I’m not going to bore you with all the predictable information that you get in the guide books – nope. I’ll bore you with some of my random Mauritius holiday chatter instead – over a cuppa’ of course, so lets get the kettle on.
Yep, that’s how I felt when I finally landed in Mauritius twelve hours in the air plus an additonal 6 hours between connecting flights. When I finally got to my hotel, the member of staff showing me to my room excitedly asked if I was ready to get into my bikini!! With a weak laugh I replied ‘all I wanna do right now is sleep’ which was true. Of course I didn’t sleep though, the hot sun helped wake me up, along with the birds tweeting and calling all over the place like there was some lively bird party in full swing amongst the palm trees.
When landing, I was struck by how green and lush the island looked from above – more than I expected it to, with some of the landscape looking very similar to the UK countryside scenes we see when taking off and landing (lol, could I have got on the wrong plane and ended up back in the UK – thankfully not).
By all accounts, tea is the beverage of choice on the island, and one islander told me very firmly – in a very matter of fact tone, that tea is better than coffee.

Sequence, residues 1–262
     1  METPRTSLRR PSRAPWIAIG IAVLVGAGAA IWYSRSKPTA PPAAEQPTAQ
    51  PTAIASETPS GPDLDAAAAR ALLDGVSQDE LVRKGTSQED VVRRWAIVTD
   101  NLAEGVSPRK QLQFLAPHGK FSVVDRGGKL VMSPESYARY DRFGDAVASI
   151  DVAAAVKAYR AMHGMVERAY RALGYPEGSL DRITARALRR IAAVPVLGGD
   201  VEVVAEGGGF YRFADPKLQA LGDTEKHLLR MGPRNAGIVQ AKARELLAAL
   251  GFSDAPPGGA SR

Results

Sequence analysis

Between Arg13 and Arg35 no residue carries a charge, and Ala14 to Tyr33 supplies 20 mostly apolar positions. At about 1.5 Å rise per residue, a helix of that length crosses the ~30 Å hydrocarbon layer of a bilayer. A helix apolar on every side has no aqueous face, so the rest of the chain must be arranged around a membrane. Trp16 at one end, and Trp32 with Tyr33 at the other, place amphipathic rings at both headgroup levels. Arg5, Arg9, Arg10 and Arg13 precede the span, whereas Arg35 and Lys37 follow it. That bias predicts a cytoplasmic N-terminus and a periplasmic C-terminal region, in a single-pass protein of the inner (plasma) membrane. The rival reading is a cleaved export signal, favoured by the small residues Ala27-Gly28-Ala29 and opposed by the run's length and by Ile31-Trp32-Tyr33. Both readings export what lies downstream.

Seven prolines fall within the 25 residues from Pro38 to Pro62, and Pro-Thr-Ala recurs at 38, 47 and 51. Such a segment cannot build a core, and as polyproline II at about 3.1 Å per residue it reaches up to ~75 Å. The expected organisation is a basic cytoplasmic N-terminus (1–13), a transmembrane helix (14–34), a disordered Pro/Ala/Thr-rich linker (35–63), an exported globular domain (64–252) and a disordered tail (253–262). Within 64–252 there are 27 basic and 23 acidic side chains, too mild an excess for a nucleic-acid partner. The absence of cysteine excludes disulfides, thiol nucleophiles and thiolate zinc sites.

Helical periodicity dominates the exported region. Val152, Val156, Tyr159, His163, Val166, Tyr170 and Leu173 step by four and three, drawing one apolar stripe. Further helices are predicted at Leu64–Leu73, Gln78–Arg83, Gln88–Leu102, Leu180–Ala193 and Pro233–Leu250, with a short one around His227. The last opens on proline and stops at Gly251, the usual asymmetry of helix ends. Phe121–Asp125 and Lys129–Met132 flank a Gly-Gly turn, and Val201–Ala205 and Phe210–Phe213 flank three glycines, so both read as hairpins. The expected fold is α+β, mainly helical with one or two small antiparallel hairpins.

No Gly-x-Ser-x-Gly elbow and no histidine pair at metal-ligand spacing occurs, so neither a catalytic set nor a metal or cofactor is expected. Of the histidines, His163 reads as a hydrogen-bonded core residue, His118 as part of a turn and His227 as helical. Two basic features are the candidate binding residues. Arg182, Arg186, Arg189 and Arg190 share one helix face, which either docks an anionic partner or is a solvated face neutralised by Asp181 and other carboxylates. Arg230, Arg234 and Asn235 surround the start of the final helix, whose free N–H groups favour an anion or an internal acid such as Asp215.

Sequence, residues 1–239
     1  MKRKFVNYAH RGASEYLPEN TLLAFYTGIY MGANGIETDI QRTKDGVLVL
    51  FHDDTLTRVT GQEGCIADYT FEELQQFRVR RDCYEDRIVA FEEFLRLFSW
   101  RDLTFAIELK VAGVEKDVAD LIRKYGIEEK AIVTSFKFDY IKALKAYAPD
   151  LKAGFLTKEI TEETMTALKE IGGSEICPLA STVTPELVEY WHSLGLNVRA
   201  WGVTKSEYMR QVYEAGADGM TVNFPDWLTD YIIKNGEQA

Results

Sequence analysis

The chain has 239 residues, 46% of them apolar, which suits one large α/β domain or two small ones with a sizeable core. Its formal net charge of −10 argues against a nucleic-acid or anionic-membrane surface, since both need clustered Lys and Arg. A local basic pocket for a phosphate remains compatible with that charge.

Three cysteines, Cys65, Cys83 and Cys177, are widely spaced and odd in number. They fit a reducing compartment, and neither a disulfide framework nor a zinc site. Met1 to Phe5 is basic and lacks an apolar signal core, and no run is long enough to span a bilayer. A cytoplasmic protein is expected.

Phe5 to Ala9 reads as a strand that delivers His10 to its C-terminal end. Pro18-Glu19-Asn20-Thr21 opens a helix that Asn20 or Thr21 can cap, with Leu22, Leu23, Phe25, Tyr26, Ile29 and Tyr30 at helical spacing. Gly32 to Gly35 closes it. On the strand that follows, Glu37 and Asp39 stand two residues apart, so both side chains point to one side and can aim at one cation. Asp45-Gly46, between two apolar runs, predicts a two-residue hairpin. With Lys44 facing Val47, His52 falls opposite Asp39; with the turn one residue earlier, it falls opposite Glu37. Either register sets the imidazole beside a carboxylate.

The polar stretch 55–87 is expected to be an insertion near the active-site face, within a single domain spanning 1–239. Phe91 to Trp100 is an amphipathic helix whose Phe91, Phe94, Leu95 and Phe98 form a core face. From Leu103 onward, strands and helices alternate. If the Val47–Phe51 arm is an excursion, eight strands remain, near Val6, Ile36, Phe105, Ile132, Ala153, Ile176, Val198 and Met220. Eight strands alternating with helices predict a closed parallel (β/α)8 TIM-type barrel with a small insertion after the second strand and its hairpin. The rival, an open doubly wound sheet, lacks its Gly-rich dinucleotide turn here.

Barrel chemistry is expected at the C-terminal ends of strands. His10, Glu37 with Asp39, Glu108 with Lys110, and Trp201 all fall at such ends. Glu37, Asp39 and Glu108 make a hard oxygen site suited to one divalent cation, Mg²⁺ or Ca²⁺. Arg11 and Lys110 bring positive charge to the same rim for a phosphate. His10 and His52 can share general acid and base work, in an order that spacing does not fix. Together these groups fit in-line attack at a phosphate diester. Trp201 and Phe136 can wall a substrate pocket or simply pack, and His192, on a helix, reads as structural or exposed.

Whenever I go on holiday I alway like to try a local tea – and Mauritius was no exception, lets have a honey and caramel tea – lovely and sweet (coming from me who doesn’t take sugar), very aromatic, you can smell the sweet caramel and it tasted a bit like red bush tea if you’ve ever tried that.
Whilst out and about, one of our guides pointed out a rare find – a pink pineapple. I didn’t know they came in any other colours than what we’re used to. Apparently these taste bitter/acidic, the guide said he wasn’t keen on them, and I guess the man from Del Monte would probably say no. It’s a rare pineapple, and it actually looks like it’s blushing and hiding in this picture, not wanting to be seen lol.
Generally, I saw masses and masses of pineapples and coconuts around the island – nothing unusual about that really, but I soon clocked that lychees are also a ‘thing’ on the island. On road sides, markets and street corners I saw countless sellers with baskets brimming with lychees for sale. I love lychees but confess I don’t buy them very often back home, that might be about to change since I think I’ve caught on to them now.
Train to catch?
At the moment, Mauritius is railway and train free….. Why would such a tiny tropical island need a rail system anyway? Well actually, a new overground ‘metro system’ is due to be up and running from 2019 onwards. Locals I spoke to said they were not keen on the idea, didn’t think it was necessary and were also dubious about it being ready/up and running by 2019.
I saw bugs I’d never seen before – nothing too scary though. There was one creature I found in my bathroom that looked like a diamond shaped leaf, it moved sideways. Interesting.
Outdoors, I saw something that looked like a butterfly, it’s wings looked like two leaves – the same colour as the real leaves it was surrounded by – except these leaves were alive and fluttering through the air lol.
According to another guide, the island has very little crime to speak of – the biggest problem is probably drugs.
Looking after working mirgants